We are equally convinced that the current testing expectations for English- language learners and special education students require significant revision beyond the recent changes released by the Department of Education.
Magnitude of the Task. When President Bush recently called on the nation to plan and execute a mission to put a man on Mars, members of the scientific community were energized, but realistically pointed out that this is more than just a “next step” in the exploration of space: It represents a quantum leap for mankind that will take enormous resources of talent, time, and dollars. Chief among the technical problems to be solved is the need for a new propulsion system that will make travel into space more than just a one- way adventure.
The No Child Left Behind Act’s goal of universal proficiency by 2014 is analogous to plans to send manned missions to Mars. The call for every child to be proficient represents the highest possible purpose for American public education, but making that call without marshaling the talent, time, and money that will be required leaves a hollow promise sure to be unfulfilled. This isn’t whining. It is a steely-eyed assessment of what will be called for, including the equivalent “advances in propulsion” for an educational undertaking yet to be achieved by any nation.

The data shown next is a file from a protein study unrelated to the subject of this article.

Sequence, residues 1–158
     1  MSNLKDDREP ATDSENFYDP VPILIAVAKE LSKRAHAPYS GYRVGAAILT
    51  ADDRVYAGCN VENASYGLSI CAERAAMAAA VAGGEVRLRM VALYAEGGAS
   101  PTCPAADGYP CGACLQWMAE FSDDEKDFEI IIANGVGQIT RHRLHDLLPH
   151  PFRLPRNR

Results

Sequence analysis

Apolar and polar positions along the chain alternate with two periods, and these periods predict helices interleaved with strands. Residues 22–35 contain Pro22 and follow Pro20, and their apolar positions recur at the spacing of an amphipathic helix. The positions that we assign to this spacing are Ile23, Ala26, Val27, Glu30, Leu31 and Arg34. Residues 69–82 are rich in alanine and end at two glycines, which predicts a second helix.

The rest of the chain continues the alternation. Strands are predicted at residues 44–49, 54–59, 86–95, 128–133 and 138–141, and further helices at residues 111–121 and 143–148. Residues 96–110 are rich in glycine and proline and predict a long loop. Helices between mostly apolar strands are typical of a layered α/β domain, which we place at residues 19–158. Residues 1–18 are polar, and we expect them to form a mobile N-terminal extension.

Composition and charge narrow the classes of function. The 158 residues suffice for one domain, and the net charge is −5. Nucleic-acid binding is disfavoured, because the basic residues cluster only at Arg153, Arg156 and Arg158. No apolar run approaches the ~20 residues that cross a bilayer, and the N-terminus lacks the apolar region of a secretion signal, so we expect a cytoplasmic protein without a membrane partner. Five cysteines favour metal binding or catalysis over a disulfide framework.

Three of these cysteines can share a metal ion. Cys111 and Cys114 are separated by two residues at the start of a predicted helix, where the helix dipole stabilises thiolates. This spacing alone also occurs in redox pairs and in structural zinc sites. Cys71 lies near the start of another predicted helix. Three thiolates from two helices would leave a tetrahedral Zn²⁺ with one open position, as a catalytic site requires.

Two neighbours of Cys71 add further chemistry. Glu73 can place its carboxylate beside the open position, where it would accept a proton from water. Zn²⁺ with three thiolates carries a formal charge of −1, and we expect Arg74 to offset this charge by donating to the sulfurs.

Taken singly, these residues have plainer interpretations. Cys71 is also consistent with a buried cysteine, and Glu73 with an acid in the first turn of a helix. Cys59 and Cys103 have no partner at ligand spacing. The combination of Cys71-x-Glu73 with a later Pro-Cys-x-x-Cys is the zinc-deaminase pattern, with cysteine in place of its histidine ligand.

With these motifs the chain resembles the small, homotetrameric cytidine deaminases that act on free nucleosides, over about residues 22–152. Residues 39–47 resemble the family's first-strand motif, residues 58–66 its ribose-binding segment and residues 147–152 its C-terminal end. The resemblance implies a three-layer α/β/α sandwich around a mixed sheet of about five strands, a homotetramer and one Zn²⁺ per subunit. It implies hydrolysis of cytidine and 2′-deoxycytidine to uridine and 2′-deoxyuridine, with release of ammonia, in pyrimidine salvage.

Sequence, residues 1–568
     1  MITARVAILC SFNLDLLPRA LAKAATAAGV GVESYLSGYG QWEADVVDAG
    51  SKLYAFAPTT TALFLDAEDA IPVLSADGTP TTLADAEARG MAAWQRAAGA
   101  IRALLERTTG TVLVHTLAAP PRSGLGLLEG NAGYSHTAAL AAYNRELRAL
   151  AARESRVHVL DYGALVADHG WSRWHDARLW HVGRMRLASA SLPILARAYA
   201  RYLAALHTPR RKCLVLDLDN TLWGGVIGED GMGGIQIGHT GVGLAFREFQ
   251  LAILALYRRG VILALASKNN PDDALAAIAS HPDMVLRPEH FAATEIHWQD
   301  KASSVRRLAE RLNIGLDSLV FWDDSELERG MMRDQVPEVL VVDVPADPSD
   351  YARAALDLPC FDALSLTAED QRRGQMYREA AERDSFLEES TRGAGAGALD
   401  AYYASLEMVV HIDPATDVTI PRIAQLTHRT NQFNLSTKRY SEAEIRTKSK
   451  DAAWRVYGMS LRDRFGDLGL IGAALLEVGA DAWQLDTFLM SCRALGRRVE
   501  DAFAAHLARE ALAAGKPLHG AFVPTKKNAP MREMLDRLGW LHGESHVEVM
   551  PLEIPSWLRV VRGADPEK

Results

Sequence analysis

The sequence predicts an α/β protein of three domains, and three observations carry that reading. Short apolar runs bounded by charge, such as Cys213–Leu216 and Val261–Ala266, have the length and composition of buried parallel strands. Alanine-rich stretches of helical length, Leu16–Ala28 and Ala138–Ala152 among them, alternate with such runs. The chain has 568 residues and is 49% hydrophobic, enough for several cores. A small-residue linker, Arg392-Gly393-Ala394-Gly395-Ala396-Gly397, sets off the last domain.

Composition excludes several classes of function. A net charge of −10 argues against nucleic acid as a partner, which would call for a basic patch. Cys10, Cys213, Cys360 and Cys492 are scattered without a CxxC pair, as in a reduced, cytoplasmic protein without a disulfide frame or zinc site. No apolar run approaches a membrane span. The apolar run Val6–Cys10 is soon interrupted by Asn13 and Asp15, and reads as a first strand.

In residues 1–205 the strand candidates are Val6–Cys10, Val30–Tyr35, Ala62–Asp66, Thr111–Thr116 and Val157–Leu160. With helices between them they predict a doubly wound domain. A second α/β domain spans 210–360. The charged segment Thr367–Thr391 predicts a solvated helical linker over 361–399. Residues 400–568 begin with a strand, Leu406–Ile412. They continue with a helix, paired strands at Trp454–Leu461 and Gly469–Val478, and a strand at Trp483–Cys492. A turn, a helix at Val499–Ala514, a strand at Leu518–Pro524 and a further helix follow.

To help the American people understand the magnitude of the task, a more careful use of the phrase “fully funded” is imperative. The casual listener could logically assume that the costs of each state’s test creation, administration, and scoring are borne by the federal government. This is not the case. Further, the casual listener might assume that the changes in instructional programs, including the additional resources needed to bring every special education student, every English-language learner, indeed, every child in America to a proficient level, will be funded by the federal government. Again, this is not the case.
Reaching the goals of the No Child Left Behind Act will take enormous resources, with the federal government likely to continue paying the smallest share. That has to be stated clearly by everyone involved, and debated in relation to the goal.
Changing the Tone of Public Discourse. The reactions generated by this federal legislation are growing in volume and hostility. From our perspective as superintendents, this is not surprising. In our districts, if we fumbled the implementation of such a crucial initiative, we would already have been called on the carpet.